A New Wave of Eco-friendly Fabrics
In recent years we as a society have become increasingly aware of climate change and the impact it’s having on our planet. A combination of a throw away culture and the increased use of plastic has been very damaging, with 8 million tonnes of plastic polluting the ocean every year. We have all seen the heartbreaking images of turtles and dolphins attempting to ingest this plastic or devastatingly becoming trapped in it.
We have reached a critical point where we cannot blindly continue polluting. It is positive to see society starting to implement changes: more of us than ever are buying reusable coffee cups and water bottles, restaurants and bars have banned plastic straws and supermarkets have encouraged us all to reuse our shopping bags. Additionally, a huge range of industries are looking at their carbon footprint and how they can offer an increased range of eco-friendly and sustainable products whilst reducing the use of plastic: the momentum to reuse, recycle and ‘go green’ has certainly gathered pace. But this simply isn’t enough, and we need to all be making active changes to our daily lives.
So what are your options when it comes to your interior? One of the first steps in going green is to reupholster an existing piece of furniture. Underneath an old and faded chair there is usually a very sturdy frame that can be reused and reupholstered to look as good as the day you bought it (if not better!). But what about fabrics? There are more and more fabrics coming to market that are eco-friendly and sustainable and here are a few of our favourites.
The Eco Collection from Clarke & Clarke
The ‘Eco Collection’ is manufactured entirely from recycled plastics. Plastic bottles take 450 years to decompose in landfill, whereas Clarke & Clarke melt these bottles into small recycled chips, which are subsequently turned into yarns.
1m of this eco fabric uses 90 plastic bottles, meaning that if you use this fabric to reupholster a sofa you prevent approximately 8,100 bottles from going to landfill. Even minor projects make a big difference, with scatter cushions recycling approximately 230 bottles.
‘Eco’ promises to satisfy both the fashion and environmentally conscious, with the collection featuring subtle geometric designs, a warm organic feel, and being available in 6 different colour ways.
Flow from Kirkby Design
Never again will we look at plastic bottles the same way after seeing the ways they can be reused and repurposed. Kirkby Design’s recycled collection is spun from 100% recycled bottles that have been melted down, turned into yarn and given a super second life as upholstery, curtains or cushions. This sounds very similar to the above description; is there any differentiator you could mention for this collection?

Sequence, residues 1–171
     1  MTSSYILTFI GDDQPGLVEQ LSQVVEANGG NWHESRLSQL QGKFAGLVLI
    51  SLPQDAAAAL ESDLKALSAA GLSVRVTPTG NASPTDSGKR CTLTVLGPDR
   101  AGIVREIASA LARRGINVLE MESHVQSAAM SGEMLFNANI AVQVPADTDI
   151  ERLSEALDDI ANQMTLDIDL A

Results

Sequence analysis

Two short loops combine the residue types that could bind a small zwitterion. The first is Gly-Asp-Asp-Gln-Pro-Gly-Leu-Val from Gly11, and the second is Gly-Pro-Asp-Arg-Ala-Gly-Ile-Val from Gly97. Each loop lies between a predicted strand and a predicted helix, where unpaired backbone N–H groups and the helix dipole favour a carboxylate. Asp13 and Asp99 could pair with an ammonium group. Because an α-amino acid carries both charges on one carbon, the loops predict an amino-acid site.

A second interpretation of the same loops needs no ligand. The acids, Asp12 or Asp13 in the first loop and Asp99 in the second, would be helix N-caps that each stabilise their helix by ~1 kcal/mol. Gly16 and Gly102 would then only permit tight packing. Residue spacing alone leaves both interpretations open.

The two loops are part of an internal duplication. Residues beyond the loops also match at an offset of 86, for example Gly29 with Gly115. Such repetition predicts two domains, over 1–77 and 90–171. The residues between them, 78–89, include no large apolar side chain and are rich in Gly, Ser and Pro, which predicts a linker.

Saddle ll from Linwood fabrics
This eco-friendly recycled leather is 70 percent leather by weight and has a suede printed face. The collection is made using leather offcuts from shoes and bags which are otherwise sent to landfill. This collection has 15 earthy colour ways ranging from tan, to cappuccino to moss. It has a beautiful texture on the surface and is inherently fire retardant.
Leaf from Kirkby House
For the eco-friendly and forward thinking the ‘Leaf’ collection offers recycled wool using salvaged yarns from the fashion industry. The collection is made from reconstituted wool from the Prato district in Italy and has a limited impact on the environment. The ‘Leaf’ collection includes 3 semi plains in a contemporary colour palette featuring pastel shades of mint, lemon and ice blue.
Lana Wool from Linwood Fabrics
As well as the wool being 100% recycled (70% of the fabric by weight), half of the man-made blending yarn is recycled as well, meaning that by weight 85% of ‘Lana’ is made from recycled yarns. Because it’s wool, another great feature of ‘Lana’ is that it’s naturally water repellent. The wool is recycled near Florence where it’s woven, resulting in a low carbon footprint. Both warm in winter and cool in summer, wool is the ideal choice for upholstery. ‘Lana’ comes in 55 colour ways from neutrals such as shortbread to vibrant fuchsia.
Whilst the interior design industry is beginning to implement positive changes, we still have a long way to go. We also have a duty to educate consumers about the eco-friendly options available to them. To stay up to date with the latest eco-friendly design trends follow us on Instagram (@idupholstery) where we will be posting regular hints and tips so you can do your bit for the environment. If you would like to have a discussion about anything mentioned in this blog post, or to find out about re-upholstering an item of your furniture please don’t hesitate to drop us an e-mail at firstname.lastname@example.org.